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Spatial-temporal patterns in intra-annual gray whale foraging: Characterizing interactions between predators and prey in Clayquot Sound, British Columbia, Canada

Authors

  • T. A. Nelson,

    1. Spatial Pattern Analysis and Research (SPAR) Laboratory, Department of Geography, University of Victoria, P. O. Box 3060, Victoria, British Columbia V8W 3R4, Canada E-mail: trisalyn@uvic.ca
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  • D. A. Duffus,

    1. Whale Research Laboratory, Department of Geography, University of Victoria, P. O. Box 3060, Victoria, British Columbia V8W 3R4, Canada
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  • C. Robertson,

    1. Spatial Pattern Analysis and Research (SPAR) Laboratory, Department of Geography, University of Victoria, P. O. Box 3060, Victoria, British Columbia V8W 3R4, Canada
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  • L. J. Feyrer

    1. Whale Research Laboratory, Department of Geography, University of Victoria, P. O. Box 3060, Victoria, British Columbia V8W 3R4, Canada
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Abstract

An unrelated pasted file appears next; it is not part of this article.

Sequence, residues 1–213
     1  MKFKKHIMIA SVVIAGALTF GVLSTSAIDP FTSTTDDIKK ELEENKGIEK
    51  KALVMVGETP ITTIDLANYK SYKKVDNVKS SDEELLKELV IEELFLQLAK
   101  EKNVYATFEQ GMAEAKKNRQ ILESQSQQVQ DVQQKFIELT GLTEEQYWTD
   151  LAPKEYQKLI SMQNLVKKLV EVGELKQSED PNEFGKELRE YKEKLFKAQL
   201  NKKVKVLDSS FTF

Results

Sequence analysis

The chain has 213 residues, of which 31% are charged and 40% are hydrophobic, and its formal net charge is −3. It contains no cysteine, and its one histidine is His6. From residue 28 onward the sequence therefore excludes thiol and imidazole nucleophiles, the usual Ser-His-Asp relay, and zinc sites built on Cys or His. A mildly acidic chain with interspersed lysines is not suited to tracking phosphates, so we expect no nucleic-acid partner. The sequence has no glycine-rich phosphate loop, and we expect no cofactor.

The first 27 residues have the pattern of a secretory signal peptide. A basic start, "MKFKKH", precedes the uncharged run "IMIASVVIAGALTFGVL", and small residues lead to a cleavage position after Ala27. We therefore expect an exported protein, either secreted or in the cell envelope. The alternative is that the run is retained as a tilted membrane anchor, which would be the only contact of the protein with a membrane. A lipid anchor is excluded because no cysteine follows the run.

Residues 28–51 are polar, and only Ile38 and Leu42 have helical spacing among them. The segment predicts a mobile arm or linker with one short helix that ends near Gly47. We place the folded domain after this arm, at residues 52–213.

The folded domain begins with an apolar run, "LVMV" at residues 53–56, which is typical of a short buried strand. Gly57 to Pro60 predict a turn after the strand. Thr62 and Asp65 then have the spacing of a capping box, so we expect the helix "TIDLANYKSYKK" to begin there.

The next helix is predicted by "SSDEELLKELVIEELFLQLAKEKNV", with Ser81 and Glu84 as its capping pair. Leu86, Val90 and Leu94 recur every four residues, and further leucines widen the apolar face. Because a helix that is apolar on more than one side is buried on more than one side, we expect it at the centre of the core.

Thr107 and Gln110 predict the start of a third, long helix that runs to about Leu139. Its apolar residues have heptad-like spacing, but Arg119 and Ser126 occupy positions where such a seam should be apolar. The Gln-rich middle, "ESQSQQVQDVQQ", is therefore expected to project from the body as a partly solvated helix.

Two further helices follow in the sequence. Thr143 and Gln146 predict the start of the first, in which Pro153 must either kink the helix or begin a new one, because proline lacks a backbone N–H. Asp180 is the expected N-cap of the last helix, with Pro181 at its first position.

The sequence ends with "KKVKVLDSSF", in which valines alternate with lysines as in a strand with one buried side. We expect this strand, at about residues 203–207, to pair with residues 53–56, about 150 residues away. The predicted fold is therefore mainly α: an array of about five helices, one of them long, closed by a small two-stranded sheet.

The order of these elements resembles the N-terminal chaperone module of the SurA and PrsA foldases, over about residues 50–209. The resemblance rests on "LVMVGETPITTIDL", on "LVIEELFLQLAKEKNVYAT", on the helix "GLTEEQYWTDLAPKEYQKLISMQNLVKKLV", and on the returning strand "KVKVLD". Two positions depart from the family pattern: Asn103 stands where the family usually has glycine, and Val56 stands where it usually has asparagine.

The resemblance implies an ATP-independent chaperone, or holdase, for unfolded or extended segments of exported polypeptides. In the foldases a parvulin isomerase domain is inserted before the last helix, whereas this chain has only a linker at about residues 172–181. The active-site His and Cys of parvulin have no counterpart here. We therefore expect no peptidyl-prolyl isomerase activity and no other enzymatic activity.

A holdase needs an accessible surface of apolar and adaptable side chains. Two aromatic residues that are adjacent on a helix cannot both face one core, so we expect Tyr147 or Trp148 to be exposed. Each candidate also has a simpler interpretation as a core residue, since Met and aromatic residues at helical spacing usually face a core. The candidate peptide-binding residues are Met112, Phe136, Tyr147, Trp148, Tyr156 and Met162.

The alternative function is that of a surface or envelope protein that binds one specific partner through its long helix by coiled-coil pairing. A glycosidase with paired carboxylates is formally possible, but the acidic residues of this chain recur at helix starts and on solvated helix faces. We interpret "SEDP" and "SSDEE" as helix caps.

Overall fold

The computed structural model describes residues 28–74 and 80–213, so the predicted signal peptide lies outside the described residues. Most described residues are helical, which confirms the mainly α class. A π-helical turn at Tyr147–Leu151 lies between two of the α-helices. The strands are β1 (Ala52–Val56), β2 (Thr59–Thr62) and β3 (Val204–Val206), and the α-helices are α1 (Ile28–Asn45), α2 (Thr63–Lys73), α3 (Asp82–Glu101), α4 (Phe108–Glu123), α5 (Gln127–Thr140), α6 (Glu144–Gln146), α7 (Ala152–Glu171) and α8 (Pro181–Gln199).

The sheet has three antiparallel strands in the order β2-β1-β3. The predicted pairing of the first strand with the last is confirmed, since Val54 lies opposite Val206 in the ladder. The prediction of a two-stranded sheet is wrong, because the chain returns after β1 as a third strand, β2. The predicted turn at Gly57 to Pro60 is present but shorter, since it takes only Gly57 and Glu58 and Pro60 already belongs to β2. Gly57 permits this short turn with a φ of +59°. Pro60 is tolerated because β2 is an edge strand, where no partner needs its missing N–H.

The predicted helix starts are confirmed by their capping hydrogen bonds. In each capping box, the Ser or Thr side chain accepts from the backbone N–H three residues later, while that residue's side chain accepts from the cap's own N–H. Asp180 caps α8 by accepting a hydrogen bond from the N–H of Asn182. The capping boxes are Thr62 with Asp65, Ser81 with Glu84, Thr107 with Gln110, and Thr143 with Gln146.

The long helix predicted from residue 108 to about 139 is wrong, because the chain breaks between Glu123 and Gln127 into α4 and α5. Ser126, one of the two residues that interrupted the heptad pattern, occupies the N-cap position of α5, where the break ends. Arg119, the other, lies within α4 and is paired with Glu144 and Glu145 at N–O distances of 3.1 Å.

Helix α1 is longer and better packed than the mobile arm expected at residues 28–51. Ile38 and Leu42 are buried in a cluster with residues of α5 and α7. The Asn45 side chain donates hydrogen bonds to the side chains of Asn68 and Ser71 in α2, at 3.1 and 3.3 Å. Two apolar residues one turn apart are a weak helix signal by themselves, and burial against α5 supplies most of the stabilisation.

In Clayquot Sound, British Columbia, gray whales (Eschrichtius robustus) forage primarily on mysids (Family Mysideae) and also on crab larvae (Family Porcellanidae) that are constrained to specific habitat, which relate to bathymetric depths. In this paper we characterize the interactions of gray whales and their prey by analyzing fine scale spatial-temporal patterns in foraging gray whale distribution within a season. Kernel density estimators are applied to two seasons (1998 and 2002) of high-resolution data on foraging by gray whales. By partitioning data from each foraging season into several time periods (12 in 1998 and 11 in 2002), using a temporal autocorrelation function, and generating kernel density estimated surfaces for each time period, it is possible to identify discrete areas of increasing and declining foraging effort. Our results indicate that gray whales forage on mysids throughout a season and opportunistically forage on crab larvae. The episodic crab larvae feeding may reduce, but not eliminate, pressure to mysid populations enabling mysids to reassemble swarms and continue to support gray whale foraging in the latter part of the season. Results suggest that when managing marine environments, gray whale populations require multiple and connected habitats for summer foraging.

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